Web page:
Just because fall is here and the weather is getting cold and wet, doesn’t mean you need to put your running shoes back on all the time. Choosing a few run sessions that you can do barefoot – by doing them indoors – means you can keep your feet barefoot-ready, and best of all, you can protect your barefoot running form if your percentage of shod miles goes up.
Many gyms have indoor tracks, and pretty much all gyms have treadmills, both of which are perfectly suitable winter options for barefoot running. That said, there are a few things to be aware of to make sure you get the most form your indoor miles!
Treadmills and barefoot running
If you have a treadmill of your own, then you are ready to go, but if you are going to use a treadmill at your gym it’s a good idea to check with management before running barefoot. You might find yourself dealing with some barefoot prejudice if your gym is concerned about hygiene. If you encounter this, use the articles on this website to support your case that going barefoot makes you less of a risk to other users than those on shoes – after all, chances are you wore shoes into the gym, and didn’t track in contaminants and dirt on the bottom of your feet like every other user did!
Even though you are indoors, don’t neglect your own foot care. Be sure you keep your feet clean after your workout, even though you’ve been in the gym. You can’t control where other users have taken their shoes, and you’ve just been trotting right where they’ve been!
Safety is another concern. Treadmills have a lot of moving parts, and you need to keep your toes away from them. If you or your gym is a little nervous about making sure you leave with the same number of toes you came in with, then you might want to choose a minimal shoe for the treadmill. In practice, barefoot runners have a short and careful stride, and are much less likely to stray off the treadmill belt than a shod runner, but if they do, the consequences are more uncomfortable. If you go barefoot on your gym treadmill or your own at home, pay attention to what you are doing. Think about your stride the same way you do when you are outdoors, and don’t overdo it – tired runners make mistakes.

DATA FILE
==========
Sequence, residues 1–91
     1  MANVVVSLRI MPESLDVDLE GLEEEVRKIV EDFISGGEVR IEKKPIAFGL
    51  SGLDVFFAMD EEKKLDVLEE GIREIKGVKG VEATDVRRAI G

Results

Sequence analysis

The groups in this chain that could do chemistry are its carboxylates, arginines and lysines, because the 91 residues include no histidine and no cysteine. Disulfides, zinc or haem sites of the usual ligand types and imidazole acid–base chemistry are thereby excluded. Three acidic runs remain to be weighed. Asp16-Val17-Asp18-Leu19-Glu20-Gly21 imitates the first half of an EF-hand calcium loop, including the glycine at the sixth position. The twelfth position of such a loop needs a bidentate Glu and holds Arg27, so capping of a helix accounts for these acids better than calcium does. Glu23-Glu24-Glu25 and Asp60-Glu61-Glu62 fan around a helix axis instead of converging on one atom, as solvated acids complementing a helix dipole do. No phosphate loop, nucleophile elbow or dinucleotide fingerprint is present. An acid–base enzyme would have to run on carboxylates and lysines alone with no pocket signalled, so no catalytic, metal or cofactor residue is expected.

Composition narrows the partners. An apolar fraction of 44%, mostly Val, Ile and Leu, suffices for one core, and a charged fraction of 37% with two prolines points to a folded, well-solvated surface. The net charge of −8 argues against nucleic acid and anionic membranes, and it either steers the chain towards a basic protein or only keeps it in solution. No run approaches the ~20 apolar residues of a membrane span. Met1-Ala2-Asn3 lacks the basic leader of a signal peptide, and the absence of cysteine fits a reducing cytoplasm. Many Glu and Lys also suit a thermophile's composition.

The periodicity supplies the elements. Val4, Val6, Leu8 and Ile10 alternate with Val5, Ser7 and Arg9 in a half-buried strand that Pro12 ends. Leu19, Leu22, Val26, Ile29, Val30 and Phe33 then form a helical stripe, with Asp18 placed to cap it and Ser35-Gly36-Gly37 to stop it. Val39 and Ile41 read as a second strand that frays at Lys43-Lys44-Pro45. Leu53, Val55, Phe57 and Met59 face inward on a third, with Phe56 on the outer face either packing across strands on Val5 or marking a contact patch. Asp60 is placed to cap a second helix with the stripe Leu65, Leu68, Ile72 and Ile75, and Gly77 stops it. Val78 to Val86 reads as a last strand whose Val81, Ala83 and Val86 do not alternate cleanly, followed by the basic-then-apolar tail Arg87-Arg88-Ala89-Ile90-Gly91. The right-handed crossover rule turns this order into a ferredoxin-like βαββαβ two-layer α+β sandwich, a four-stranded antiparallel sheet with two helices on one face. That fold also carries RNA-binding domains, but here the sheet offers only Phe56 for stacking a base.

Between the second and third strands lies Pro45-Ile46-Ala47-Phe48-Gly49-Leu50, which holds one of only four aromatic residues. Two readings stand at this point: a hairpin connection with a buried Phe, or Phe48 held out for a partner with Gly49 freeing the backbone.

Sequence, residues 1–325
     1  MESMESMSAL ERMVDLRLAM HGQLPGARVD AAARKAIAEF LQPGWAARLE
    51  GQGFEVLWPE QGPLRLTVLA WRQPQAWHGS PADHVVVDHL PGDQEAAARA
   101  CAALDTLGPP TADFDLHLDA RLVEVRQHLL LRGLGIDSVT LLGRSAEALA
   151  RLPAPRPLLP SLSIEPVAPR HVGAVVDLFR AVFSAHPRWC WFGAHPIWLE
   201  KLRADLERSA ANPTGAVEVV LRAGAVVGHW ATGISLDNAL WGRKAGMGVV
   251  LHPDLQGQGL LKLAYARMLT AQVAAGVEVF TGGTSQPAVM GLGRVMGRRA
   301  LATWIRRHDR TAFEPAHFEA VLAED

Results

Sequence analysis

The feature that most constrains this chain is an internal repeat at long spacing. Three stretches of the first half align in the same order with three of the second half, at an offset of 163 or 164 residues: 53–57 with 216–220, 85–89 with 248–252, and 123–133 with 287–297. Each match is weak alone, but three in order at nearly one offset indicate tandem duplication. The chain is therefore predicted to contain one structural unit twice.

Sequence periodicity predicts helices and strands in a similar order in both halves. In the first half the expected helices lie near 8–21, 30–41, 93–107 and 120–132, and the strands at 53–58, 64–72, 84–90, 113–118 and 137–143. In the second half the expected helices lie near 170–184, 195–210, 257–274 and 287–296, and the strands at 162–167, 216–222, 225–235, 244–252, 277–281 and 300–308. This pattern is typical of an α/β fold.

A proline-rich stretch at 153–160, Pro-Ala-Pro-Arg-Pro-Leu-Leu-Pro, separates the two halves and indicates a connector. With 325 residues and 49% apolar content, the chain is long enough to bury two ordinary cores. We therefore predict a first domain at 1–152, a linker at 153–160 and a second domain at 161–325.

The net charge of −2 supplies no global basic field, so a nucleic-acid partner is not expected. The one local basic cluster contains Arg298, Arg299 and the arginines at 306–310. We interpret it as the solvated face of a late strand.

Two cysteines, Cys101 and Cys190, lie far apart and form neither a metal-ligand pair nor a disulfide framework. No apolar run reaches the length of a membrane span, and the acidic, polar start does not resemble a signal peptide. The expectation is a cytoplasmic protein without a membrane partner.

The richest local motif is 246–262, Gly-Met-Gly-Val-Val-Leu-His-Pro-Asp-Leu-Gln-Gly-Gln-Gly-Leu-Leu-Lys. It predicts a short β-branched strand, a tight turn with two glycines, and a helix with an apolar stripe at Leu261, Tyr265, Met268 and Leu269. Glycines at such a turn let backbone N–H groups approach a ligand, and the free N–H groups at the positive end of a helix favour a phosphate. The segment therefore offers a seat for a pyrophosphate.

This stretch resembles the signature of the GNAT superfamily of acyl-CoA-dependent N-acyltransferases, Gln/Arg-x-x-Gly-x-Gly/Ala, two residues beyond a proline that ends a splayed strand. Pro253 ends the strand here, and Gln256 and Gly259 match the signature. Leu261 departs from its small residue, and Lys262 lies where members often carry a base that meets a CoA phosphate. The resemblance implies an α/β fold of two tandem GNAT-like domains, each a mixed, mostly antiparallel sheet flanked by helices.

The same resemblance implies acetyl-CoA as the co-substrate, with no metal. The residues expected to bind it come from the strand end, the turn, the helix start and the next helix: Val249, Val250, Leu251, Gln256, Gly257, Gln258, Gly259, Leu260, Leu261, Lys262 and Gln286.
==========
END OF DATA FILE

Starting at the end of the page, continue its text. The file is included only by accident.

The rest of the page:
The last factor to be aware of when you are barefoot on the treadmill is perhaps the most obvious – that the ground is moving. Even if you have been running barefoot outside all summer, cut your mileage a bit. Each time your foot hits the moving belt, it will slip just a tiny bit, and that means you can get some chafing and blisters if you aren’t careful. Paying close attention to your stride and keeping your speed low will help, but if you find you get sore feet, again you might want to think about using a minimal shoe or the FiveFingers.
Indoor tracks and barefoot running
Some gyms are fortunate enough to offer an indoor running track, and these are great for winter barefoot running. You may still find your gym has a few unfounded reservations about barefoot running, but hopefully if you meet resistance you’ll be able to persuade them that you pose no risk. The same goes for barefoot treadmill running – your feet may be clean, but other runners’ shoes aren’t, so take care of your feet after running!
While tracks don’t pose the safety risks or have the blister factor of treadmills, they do come with a hidden hazard. Most indoor tracks are significantly smaller than their outdoor counterparts – I know of one in my area that is only 1/16 of a mile! This means that to get in a good workout, you are going to be spiraling in a fairly small circle for quite a while. Again, barefoot runners with good form shouldn’t find they suffer as much from the strains of this kind of ‘one sided’ running, but you need to be aware of it all the same. If you find you are feeling strains – usually on the ‘inside’ leg – then you may need to cut your mileage or run in the opposite direction if that is allowed. You might also try running a few laps, and when you get dizzy (or bored!) switch to weights or another workout and come back and run a few more laps later.
Running indoors might not be the same as running outside with the wind in your face, but it can make a nice break from the cold, wet, and dark outdoors. It’s better than nothing, and going indoors in the winter may mean you can get more barefoot miles in than you could outdoors. Plus, indoors it’s easy to find some company – make the most of the winter months and spend some time spreading the barefoot way at your local gym!